I am very happy to report that my thirty-second birthday was absolutely fabulous. I normally like to do something pretty grand (like, you know, get engaged), but this year I wanted to keep things low key and budget-friendly. Pretty good plan. I received the gift of pampering (pedicure), the gift of romance (a champagne picnic in the park with my hubby), the gift of quality time (a visit from my brother and sister-in law and a wonderful family dinner), and the gift of remembrance (flowers from my in-laws and customers, phone calls and messages from friends, and cards from my co-workers). Wow, did I feel spoiled! One of the best things I got for my birthday, though, was the gifts of health and education. I finally got to take one of those healthy cooking classes offered by the wonderful Petra, a dear friend and mentor who is one of the local holistic health coaches in my town. She has been offering the classes for several years and I've been dying to attend. I've heard amazing things about them. Best part...Billy was coming with me!
The class was everything I hoped it would be. A small, intimate group gathered around Petra's kitchen table, watching and listening as she prepared a lovely, organic meal. On the menu: Cilantro Chicken Salad with Fresh Local Greens, Homemade Italian Dressing, and Lemon Bars with Fresh Berry Sauce. We weren't asked to help, but I wanted to get my hands as dirty as possible. I chopped tomatoes, juiced fresh lemons, washed dishes, and plated the food. As we prepped and cooked, Petra talked about the real meaning of empty calories. I had heard the term plenty of times, but this time it really struck a chord with me. She said that the amount of calories you consume doesn't really matter, but rather what foods deliver those calories into our bodies. When we eat processed foods that are full of sugar and chemicals, our bodies don't really know how to deal with them and tend to stick the calories straight to our butts and thighs. On the other hand, when we eat whole, real foods, our bodies say a great big thank you and put the calories to work, giving us energy and keeping us healthy. It really makes a lot of sense.
Petra also talked about eating our food slowly and savoring each bite. Sounded familiar (see last week's sharepost where I mentioned the book "Intuitive Eating"). That's really hard for me because of my work and my schedule. But I figured I could try it, at least for the moment. When I sat down with that fresh, delicious chicken salad (we used olive oil instead of mayo...who would have thunk it?), I closed my eyes, chewed slowly, and tried to pick out each distinctive flavor. My gosh! It was one of the most delicious things I have ever tasted. And I was shocked to find that just over halfway through it, I was getting full! It became totally clear right then that Petra was absolutely right. My body was thanking me for the wholesome food by being satisfied.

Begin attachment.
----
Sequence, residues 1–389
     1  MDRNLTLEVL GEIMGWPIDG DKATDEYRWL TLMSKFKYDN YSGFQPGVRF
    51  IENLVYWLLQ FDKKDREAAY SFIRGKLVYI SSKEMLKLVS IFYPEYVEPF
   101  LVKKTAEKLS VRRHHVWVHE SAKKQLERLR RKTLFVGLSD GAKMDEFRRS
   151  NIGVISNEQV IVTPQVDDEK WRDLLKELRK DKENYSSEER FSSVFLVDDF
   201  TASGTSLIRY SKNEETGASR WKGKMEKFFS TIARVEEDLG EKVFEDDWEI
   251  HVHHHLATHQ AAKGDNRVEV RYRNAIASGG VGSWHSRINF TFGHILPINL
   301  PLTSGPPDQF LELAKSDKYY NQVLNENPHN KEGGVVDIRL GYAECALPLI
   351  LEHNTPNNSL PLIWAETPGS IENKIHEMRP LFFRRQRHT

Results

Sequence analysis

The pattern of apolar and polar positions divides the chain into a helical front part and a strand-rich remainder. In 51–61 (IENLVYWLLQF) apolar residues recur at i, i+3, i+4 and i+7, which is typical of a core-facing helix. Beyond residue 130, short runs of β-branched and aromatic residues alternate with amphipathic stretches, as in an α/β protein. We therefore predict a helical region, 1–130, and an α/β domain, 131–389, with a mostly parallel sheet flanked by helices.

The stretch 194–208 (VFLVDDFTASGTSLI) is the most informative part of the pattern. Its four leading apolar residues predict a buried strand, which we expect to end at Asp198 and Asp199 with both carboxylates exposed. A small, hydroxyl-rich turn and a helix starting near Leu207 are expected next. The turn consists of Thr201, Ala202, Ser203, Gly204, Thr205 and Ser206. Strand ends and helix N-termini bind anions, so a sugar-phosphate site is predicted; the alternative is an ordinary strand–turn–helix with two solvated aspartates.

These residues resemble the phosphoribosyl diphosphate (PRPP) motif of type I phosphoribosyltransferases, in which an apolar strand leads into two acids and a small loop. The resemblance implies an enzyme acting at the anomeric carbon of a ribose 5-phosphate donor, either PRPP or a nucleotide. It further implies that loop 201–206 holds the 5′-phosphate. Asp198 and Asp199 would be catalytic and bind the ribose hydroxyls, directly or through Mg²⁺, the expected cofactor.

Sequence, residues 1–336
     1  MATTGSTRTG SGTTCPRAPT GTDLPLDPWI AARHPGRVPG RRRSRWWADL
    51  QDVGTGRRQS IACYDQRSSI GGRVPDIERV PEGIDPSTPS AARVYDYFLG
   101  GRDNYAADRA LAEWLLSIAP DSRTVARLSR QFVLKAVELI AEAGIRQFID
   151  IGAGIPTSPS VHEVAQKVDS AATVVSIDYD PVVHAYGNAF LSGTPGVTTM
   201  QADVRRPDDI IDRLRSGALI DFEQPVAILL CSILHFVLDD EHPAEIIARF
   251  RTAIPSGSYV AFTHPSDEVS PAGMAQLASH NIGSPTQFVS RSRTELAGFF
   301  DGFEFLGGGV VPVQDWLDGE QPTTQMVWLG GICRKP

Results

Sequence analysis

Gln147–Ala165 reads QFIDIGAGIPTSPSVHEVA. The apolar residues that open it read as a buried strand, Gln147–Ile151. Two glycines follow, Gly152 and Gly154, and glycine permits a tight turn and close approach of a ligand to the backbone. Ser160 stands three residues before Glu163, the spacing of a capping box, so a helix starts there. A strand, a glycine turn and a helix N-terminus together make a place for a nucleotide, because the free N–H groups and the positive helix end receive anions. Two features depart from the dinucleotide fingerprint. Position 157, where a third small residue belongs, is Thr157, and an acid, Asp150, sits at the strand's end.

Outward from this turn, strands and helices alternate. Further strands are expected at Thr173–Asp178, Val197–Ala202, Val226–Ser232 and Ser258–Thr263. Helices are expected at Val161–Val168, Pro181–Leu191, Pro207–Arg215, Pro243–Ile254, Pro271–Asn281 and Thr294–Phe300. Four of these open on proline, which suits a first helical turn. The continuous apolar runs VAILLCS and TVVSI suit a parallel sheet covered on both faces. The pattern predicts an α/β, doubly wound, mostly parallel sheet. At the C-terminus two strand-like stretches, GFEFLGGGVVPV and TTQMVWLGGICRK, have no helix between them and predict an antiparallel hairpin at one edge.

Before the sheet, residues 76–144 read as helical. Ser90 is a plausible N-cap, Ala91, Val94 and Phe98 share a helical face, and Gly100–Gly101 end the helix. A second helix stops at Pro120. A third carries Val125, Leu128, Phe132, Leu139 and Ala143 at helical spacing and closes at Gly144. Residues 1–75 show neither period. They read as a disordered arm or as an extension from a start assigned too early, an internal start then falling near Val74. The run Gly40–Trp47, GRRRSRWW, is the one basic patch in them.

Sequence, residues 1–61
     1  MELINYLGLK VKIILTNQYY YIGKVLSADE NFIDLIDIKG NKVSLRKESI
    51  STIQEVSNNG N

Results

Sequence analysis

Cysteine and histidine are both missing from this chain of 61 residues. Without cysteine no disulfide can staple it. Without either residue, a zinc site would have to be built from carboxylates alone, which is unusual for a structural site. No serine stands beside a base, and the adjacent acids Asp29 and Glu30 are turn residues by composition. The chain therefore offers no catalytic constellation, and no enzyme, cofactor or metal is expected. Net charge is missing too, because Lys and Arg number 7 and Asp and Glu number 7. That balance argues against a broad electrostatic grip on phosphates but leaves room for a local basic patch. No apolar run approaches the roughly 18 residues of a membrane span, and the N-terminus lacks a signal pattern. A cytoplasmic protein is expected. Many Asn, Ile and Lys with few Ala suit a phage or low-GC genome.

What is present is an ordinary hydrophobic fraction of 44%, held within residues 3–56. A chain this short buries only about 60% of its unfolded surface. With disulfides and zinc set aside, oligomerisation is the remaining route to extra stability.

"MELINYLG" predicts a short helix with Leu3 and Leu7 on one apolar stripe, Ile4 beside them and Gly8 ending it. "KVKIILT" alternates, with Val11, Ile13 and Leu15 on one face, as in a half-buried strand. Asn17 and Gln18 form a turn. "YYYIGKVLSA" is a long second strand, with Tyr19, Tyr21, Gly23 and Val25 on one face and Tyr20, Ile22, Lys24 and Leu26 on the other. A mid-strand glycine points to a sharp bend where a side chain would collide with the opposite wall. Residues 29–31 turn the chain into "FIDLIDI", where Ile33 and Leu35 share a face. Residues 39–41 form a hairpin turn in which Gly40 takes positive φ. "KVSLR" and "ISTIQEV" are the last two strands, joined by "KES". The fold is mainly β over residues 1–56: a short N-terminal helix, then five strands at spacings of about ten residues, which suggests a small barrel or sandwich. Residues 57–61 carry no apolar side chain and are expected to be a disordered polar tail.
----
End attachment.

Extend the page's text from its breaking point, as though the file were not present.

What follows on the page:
Ever notice that when you eat junk food, you can eat a ton of it before you get stuffed only to feel like absolute crap after? I do. Anyway, I was nearly full but we still had the gorgeous lemon bars left, so I saved some room and didn't finish my lunch (unheard of!). The lemon bars were a raw dessert, made by processing nuts and dates for the crust, then blending together and freezing a combo of fresh lemon juice, coconut oil, real vanilla extract, and a touch of pure maple syrup. We covered the bars in pureed organic berries. It was unreal. And uncooked! I was just blown away.
I'm so grateful to have had this experience. It was awesome to have things put into perspective like that, and to see a healthy menu come alive. I've learned so much about nourishing others with wholesome foods, but it was so nice to get the chance to experience it for myself. I'm looking forward to re-creating the meal and adding my own twists. And I really think that having made that calorie/whole food connection will help with a more positive path to my healthiest weight. One thing I do promise to stick to, and that's slowing down to savor the food. Making a conscious effort to do that is a perfect small step in a good direction.
Published On: May 09, 2011